@SocialLit

Hey everyone, sorry I haven’t posted anything in a while, things have been pretty hectic! I’m in my last semester of college and as such I’ve been working on my thesis, which has dominated a lot of my time. So since that’s been on my mind, I figured I’d let you know what’s going on with it.

In my thesis I’m exploring the potential for social media to be a new medium for literature. In doing so I’ve created a twitter account titled Social Literature with the handle @SocialLit and I tweet a poem that is exactly 140 characters (the limit for a tweet) every day. With these poems I’m interested in seeing how readers and other writers can directly interact with my work through the techniques and inventions of twitter such as retweets, hashtags and the like.

I’m making the argument that sites like Twitter not only function as new platforms for literature but that the rise of social media and the changes it has brought about in communication and langauge necessitates new forms of literature, such as a 140 character poem, in order to meet the demands of and accuratly respond to an increasingly digital and space conscious culture.

Social media has become a huge part of our everyday lives. You can find anything on it from daily activities to breaking news and in the midst of this information influx there is the potential to create art. There is evidence of this in the case of Instagram, a site that makes anyone with a camera phone able to create photography and has thus altered the dynamics of the profession. Theoretically the same type of phenomenon is capable through the use of text based social media such as blogs and what are known as “micro-blogs” like Twitter. Already accounts such as @veryshortstory, @InstantFiction and @arjunbasu have been using Twitter for short and flash Fiction, now I want to incorporate poetry. If a space exists for writing to be examined and read on a large public platform, then there exists the potential for literature.

Art is becoming democratized. It is more accessible to people than ever before. The idea of the ‘artist’ as a creative individual who solely pursues a passion is, for better or for worse, rapidly fading. It has become more about everyone possessing the potential to create, and also critique, art. Never before has there been an opportunity for a reader to instantaneously react publicly, especially on a global scale, to a piece of writing. Furthermore, since the internet is in many ways a creative commons, the most important questions will be about the role of authorship: What is contemporary authorship?  Does Social Media create a new definition? Where does the role of the author lie in Social Media? In Social Literature? Which has led me down all sorts of Post-Modern and Deconstruction rabbit holes in search of answers.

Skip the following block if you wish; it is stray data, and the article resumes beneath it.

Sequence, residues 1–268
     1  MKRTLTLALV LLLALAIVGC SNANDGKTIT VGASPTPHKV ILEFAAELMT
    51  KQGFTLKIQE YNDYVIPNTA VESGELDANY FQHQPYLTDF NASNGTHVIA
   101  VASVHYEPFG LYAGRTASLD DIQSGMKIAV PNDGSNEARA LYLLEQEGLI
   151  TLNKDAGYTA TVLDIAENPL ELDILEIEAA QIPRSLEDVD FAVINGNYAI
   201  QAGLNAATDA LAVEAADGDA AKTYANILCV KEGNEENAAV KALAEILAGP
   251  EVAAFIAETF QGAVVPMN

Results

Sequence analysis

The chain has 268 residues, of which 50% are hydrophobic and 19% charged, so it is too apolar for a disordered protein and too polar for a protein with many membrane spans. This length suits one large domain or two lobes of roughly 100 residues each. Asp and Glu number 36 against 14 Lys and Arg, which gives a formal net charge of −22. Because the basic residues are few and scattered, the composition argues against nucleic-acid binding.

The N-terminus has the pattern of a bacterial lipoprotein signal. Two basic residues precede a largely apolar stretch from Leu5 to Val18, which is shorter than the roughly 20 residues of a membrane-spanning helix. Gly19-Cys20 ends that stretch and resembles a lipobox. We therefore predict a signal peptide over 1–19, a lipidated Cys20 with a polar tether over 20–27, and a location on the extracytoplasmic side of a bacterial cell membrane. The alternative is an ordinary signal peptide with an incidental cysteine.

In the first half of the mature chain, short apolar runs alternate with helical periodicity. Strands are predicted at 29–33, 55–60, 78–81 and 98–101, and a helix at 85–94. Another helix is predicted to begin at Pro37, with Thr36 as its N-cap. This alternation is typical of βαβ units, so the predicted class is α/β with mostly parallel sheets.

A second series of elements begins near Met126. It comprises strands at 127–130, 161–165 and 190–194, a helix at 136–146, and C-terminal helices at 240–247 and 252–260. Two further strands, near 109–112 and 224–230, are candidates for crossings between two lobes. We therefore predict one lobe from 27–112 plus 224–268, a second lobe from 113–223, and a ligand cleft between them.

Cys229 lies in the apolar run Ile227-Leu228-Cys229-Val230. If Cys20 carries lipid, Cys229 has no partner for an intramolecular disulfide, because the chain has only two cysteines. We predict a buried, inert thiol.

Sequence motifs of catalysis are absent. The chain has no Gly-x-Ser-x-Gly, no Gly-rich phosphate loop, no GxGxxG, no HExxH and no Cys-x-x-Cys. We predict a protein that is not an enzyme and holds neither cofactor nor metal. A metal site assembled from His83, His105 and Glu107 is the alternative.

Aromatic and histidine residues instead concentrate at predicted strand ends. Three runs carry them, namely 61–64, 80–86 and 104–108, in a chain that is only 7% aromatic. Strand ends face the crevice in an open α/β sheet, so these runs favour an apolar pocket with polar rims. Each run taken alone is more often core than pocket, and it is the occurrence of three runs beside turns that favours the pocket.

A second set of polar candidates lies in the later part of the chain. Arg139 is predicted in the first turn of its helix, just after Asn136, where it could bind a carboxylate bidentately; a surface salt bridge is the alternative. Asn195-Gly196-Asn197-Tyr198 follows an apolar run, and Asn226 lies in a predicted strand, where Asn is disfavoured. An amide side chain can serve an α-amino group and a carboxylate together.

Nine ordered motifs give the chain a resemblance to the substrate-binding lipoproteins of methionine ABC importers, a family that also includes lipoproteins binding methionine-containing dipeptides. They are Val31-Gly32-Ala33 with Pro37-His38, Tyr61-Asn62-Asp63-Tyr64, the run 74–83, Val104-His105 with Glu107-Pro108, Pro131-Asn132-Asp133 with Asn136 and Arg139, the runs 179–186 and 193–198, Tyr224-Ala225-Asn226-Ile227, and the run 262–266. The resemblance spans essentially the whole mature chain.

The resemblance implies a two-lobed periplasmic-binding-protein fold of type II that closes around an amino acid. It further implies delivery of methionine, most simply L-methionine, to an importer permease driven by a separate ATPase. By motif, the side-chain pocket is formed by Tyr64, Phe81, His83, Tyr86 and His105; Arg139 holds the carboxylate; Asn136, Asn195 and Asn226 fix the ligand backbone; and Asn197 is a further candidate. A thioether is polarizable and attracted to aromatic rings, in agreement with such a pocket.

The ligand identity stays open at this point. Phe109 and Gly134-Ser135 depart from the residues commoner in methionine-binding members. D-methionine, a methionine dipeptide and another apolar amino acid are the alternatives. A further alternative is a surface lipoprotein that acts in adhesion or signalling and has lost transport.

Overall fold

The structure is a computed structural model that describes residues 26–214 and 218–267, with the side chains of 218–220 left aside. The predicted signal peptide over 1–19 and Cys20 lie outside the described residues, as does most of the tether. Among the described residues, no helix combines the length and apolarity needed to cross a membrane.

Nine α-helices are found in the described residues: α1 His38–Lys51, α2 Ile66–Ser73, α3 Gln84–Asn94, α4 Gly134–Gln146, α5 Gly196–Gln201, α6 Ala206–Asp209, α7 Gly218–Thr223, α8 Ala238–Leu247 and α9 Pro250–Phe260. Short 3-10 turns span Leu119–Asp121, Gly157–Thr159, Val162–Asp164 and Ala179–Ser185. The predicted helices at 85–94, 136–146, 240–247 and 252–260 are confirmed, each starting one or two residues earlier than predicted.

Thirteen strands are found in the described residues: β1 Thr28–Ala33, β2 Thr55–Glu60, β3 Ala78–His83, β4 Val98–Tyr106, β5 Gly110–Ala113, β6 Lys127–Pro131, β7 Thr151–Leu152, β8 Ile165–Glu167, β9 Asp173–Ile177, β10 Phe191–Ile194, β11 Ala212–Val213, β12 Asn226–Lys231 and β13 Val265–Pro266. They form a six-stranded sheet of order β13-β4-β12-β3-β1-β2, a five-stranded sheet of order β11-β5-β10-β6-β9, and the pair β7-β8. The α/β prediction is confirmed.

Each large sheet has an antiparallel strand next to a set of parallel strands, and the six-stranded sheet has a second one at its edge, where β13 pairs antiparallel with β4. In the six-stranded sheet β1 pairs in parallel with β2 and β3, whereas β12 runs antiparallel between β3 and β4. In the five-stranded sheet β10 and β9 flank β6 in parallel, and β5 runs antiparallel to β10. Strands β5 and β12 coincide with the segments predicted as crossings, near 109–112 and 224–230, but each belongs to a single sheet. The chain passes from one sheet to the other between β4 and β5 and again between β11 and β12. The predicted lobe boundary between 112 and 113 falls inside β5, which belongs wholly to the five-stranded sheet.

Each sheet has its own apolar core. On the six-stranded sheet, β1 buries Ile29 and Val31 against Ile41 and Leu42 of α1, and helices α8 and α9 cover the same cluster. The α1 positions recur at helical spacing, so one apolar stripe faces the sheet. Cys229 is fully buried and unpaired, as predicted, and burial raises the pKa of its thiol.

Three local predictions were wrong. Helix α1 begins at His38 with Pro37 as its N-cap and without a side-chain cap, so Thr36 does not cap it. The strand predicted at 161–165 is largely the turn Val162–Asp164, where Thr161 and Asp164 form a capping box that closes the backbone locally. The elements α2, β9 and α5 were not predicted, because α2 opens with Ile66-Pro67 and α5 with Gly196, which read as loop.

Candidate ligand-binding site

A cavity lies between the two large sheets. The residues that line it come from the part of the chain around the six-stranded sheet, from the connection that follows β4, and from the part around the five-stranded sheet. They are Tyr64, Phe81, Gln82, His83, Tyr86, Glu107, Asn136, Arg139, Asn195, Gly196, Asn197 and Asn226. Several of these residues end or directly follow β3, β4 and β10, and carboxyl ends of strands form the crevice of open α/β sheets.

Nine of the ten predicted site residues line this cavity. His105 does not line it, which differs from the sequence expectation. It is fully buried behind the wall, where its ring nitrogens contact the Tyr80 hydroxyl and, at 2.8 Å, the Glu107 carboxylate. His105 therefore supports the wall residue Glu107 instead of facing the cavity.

In writing the Twitter poems, I’m placing them in a larger artistic and historic context of poetry that captures a specific moment or specific image such as the Japanese form of the Haiku and the modernist movement with specific attention devoted to Imagist poets such as Ezra Pound and William Carlos Williams, who based much of their work off the techniques of Haiku. Along with these Imagist authors I’ll be delving into E.E Cummings. With his work I’ll be paying close attention to the use of symbol, abbreviation and syntax comparing and contrasting it with Internet lingo and “Twitterspeak” to begin writing in this new language, using the work of Cummings as a structural and formulaic background.

In writing this series of Twitter poems and building Social Literature I hope discover where art, and poetry in particular, can be taken, and changed, through the medium of Social Media and in doing so enter into the conversation about the future of writing. So give me a follow, join in, and write a poem of your own! 

-Welch

Advertisements
This entry was posted in Poetry and tagged , , , , , , , , , , , , . Bookmark the permalink.

Leave a Reply

Fill in your details below or click an icon to log in:

WordPress.com Logo

You are commenting using your WordPress.com account. Log Out / Change )

Twitter picture

You are commenting using your Twitter account. Log Out / Change )

Facebook photo

You are commenting using your Facebook account. Log Out / Change )

Google+ photo

You are commenting using your Google+ account. Log Out / Change )

Connecting to %s